Home > GTD > My Quick Guide to GTD

My Quick Guide to GTD

February 21, 2011 Leave a comment Go to comments

I’ve read Getting Things Done several times, and like many people I get different things out of it each time.  There are parts of the book that make my eyes roll and help when I have difficulty sleeping, but I normally am reading it to reinforce the basics of the system, the nuts and bolts of the whole idea.  Here is what I feel they are, and what I think most people feel they are:

  • Capture everything on a single set of lists, and review it once a week.
  • Find and use a trusted system – which needs to be simple.
  • Have clear, written goals
  • Get to work.

Capture Everything on a Single Set of Lists

No matter what you big picture, blue sky ideas you took away from the book, the big idea is that no matter what it is that has control on you, you need to write it down.  It’s simple.  One list, a few categories, and off you go.  Get things off your mind and in a list.  Keep one, that has everything.  Categorize as needed.  Seriously, that is the big key, the thing to take away.  Do that, and you are 90% there.  Review your lists every week, and make sure everything is on them.  It sounds so simple, but it is the most important part of the whole system.

Find and Use a Trusted System

Find a trusted system and use it.  If it doesn’t work, find another (but I will warn you about the danger of the exploration trying to find one).  Pick one, use it religiously.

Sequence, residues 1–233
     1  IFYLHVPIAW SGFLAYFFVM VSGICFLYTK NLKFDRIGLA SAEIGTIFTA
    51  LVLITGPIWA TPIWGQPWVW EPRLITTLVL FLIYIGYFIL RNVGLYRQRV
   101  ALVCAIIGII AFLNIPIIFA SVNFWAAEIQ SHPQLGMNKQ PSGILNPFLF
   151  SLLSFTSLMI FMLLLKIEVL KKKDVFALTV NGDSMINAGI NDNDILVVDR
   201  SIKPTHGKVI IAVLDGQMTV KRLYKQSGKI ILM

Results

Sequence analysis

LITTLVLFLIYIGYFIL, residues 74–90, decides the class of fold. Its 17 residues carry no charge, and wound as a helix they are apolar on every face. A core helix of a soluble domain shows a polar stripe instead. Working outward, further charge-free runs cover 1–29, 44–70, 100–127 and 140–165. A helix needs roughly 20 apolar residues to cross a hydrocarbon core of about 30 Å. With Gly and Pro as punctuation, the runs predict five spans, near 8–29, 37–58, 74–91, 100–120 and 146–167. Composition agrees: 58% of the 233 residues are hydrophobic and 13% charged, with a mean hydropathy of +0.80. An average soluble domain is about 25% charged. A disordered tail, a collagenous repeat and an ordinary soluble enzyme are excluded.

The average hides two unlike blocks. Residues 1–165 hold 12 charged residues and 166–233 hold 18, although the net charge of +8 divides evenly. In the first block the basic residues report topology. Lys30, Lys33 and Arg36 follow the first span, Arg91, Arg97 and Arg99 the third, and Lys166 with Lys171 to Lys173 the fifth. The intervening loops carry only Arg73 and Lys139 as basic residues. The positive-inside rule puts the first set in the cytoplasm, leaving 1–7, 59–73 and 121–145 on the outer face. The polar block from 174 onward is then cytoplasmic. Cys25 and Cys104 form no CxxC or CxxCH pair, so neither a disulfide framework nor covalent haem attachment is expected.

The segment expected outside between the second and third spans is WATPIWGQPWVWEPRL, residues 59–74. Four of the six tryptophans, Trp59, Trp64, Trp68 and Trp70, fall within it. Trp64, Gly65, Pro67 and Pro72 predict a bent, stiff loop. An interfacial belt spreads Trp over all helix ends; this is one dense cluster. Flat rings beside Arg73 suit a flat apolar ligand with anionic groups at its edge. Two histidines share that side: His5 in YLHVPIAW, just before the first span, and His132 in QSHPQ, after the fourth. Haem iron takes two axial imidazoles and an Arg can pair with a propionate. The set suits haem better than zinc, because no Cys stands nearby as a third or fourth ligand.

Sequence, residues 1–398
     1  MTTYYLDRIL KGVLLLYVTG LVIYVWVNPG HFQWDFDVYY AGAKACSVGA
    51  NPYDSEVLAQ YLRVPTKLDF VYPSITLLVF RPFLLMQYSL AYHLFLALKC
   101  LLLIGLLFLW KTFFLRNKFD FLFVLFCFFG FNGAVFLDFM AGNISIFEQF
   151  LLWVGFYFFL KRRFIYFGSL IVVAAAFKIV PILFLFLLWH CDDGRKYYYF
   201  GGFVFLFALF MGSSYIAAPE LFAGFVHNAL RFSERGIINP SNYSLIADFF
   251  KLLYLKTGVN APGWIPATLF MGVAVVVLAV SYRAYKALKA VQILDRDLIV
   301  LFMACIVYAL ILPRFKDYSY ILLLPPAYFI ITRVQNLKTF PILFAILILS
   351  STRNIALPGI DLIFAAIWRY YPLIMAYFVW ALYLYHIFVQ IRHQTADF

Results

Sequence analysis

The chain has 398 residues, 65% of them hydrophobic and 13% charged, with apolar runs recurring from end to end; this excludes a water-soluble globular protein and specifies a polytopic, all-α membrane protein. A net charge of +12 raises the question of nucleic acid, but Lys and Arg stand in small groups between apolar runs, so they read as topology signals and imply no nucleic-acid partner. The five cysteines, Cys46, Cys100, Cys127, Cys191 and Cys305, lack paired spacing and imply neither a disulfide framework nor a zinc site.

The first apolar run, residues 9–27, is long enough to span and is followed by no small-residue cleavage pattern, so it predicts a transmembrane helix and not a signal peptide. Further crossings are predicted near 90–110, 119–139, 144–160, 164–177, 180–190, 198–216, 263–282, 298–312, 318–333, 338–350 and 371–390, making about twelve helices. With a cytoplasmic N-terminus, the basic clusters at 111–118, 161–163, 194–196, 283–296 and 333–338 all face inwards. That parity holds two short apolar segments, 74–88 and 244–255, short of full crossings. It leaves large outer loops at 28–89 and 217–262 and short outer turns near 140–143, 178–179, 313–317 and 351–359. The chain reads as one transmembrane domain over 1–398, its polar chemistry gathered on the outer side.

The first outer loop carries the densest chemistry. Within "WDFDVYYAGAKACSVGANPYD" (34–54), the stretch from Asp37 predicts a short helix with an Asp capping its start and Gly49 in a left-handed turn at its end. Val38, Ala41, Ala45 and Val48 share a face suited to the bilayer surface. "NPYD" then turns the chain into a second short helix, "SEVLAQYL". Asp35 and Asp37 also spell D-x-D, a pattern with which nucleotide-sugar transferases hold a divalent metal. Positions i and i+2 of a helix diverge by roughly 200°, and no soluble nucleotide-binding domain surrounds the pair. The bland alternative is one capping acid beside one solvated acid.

Have Clear Written Goals

Goal setting is not some bizarre alchemy.  It is not a super-secret skill that you have to hike up a mountain to get from a reclusive monk.  It is a simple process that helps you set out what you want to accomplish, and how.  Go on to the net to find lots of sites that will help you.  Whether you use 1, 3 and 5 year goals, or the Horizons of Focus idea, is up to you, but honestly it is a wonderful skill that is not as complex or mysterious as you might fear.

Get to Work

There is no system that will do your work for you.  Having clear goals gives you things to work for.  Capturing your work helps you to define your work.  But nothing will do it for you, you have to do it yourself.

This distills the most important information that I’ve taken, time after time, from the GTD system.  Honestly, there are so many things in the book, it’s easy to get mired in some of the more esoteric parts like mind mapping.  I hope it helps clarify what the biggest parts of the book are.

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